Royal provenance makes historic jewellery highly collectible

From a cross worn by the late Princess Diana up for sale at a current Sotheby’s auction to Marie Antoinette’s sensational diamond bracelets, jewellery with regal ties holds unique value beyond its weight in gold

Garrard Amethyst and diamond pendant, circa 1920. (Photo: Sotheby's)
Garrard Amethyst and diamond pendant, circa 1920. Photo: Sotheby’s

Symbols of wealth, power and status, jewellery is an important part of any royal family’s image. For maharajahs and kings and queens, the power to wear and loan jewellery to family members is also a form of control and a way to play favours. 

Passed down from one generation to another, crown jewels are precious and have built unique provenances over the centuries. Their important role in history and the influential individuals who’ve worn them give these pieces value beyond their worth in gold and precious gems.

The unique connection to royalty can easily up the price of a piece of jewellery ten folds. Case in point– Sotheby’s is set to auction a pendant the jeweller Garrard loaned to the late Diana Princess of Wales on several occasions. The vintage 1920s amethyst cross, currently up on an online auction live until 18 January, is estimated to sell between £80,000 (HK$758,735) to £120,000 (HK$1,137,930). 

The unsigned piece was once owned by Garrard, the jewellery which made Diana’s famous sapphire and diamond engagement that Catherine, Duchess of Cambridge, currently wears. The jeweller is said to have loaned the piece to Diana for several public appearances, including a charity event at a Garrard boutique. 

The statement piece measures a substantial 13.6 x 9.5 cm, which Diana last wore on a long chain in 1987. The purple cross captures a unique period in British royal history and represents a transition to an overall bolder, more confident aesthetics in fashion. 

The piece eventually landed in the private collection of Naim Attallah, CBE, whose final role at Asprey & Garrard was as CEO.

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Though loaded with a substantial amount of amethysts and roughly 4.25 to 5.25 carats of accenting small diamonds, the estimate of the piece is said to grossly exceed the value of the gemstones, according to online jewellery retailer 77 Diamonds’ managing director Tobias Kormind.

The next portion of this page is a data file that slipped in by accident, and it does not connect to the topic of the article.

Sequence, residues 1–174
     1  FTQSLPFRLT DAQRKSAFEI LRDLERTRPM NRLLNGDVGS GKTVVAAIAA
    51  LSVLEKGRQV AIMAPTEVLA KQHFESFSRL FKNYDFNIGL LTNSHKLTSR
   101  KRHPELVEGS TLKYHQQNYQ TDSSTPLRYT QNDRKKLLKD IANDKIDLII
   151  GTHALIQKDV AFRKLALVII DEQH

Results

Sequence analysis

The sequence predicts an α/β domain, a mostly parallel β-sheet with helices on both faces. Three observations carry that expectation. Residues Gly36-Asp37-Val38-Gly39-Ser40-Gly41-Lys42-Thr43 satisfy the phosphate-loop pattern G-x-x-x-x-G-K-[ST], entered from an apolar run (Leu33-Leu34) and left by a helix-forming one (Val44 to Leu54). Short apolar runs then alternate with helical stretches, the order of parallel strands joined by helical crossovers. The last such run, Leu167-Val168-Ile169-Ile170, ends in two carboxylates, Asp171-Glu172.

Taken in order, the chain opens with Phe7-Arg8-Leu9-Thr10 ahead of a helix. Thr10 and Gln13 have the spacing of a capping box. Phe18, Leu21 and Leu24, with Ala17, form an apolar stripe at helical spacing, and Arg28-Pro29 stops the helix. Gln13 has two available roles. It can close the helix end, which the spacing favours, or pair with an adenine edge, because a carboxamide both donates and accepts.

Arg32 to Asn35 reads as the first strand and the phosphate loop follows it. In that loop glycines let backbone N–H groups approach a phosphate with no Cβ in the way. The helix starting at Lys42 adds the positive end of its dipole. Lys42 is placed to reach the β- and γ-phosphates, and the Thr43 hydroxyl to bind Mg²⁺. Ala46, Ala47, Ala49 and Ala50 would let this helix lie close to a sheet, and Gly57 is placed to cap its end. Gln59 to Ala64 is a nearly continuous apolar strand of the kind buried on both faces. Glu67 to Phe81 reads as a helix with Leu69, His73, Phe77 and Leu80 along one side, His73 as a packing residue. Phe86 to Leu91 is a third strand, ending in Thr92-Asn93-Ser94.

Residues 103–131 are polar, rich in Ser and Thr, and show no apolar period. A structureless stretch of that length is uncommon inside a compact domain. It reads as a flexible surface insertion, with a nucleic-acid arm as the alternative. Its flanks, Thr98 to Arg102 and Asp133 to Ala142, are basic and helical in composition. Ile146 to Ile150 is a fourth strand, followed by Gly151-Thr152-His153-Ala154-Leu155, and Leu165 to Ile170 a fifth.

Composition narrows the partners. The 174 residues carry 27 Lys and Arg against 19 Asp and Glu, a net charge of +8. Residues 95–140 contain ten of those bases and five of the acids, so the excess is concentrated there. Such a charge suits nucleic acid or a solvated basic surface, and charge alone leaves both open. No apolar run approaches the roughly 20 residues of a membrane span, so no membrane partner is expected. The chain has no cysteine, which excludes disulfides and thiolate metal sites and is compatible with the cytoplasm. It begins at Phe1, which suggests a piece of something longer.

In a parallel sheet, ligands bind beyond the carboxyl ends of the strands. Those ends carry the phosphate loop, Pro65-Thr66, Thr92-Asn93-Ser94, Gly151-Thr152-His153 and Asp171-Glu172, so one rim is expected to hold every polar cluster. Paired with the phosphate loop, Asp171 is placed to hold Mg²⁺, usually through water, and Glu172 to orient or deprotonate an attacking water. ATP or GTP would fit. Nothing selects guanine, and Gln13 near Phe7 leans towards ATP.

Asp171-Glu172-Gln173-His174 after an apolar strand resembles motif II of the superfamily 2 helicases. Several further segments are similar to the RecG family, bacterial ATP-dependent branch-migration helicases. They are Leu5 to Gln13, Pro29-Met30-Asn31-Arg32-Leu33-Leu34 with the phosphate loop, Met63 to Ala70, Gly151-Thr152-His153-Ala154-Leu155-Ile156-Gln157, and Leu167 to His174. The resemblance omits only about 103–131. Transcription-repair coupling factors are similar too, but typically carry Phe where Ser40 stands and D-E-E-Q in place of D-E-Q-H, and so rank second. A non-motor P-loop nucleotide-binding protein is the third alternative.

“The piece has limited intrinsic value because amethysts are not the most precious of gemstones, and at 77 Diamonds, we would charge under £7,000 (HK$66,379) to remake something in a similar style to this pendant,” Kormind says.

He believes the high estimate is linked to the necklace’s connection to Diana and the rare yet relatively accessible price point of a piece with such illustrious provenance. “I attribute the very high estimate from Sotheby’s to the simple fact that it is a Garrard jewel from the 1920s which was worn by Princess Diana, and so few pieces of jewellery worn by Princess Diana have ever come up at auction.”

It’s not unusual for jewellery pieces with royal ties to sell for far more than the value of their gems on the rare occasion they come on the auction block. 

A pair of Marie Antoinette’s diamonds sold for a staggering US$8.2 million (HK$64,016,663) at Christie’s Geneva Magnificent Jewels in November 2021, doubling the house’s high estimate of US$4 million (HK$31,227,640).

The French queen was said to have hidden them in January 1791 during the French Revolution before she headed to the guillotine in 1793. According to Christie’s, the diamond bracelets, which had 140 to 150 carats of diamonds, eventually landed in a private royal collection where they remained for 200 years. 

Christie’s historian was able to retrace the origins of the bracelets and determined Antoinette had to liquidate some of her other gems and borrow from King Louis XVI to pay the equivalent of US$4.6 million (HK$35,910,237) in today’s terms for the pair of bracelets.  

Exchange rates as of time of publishing

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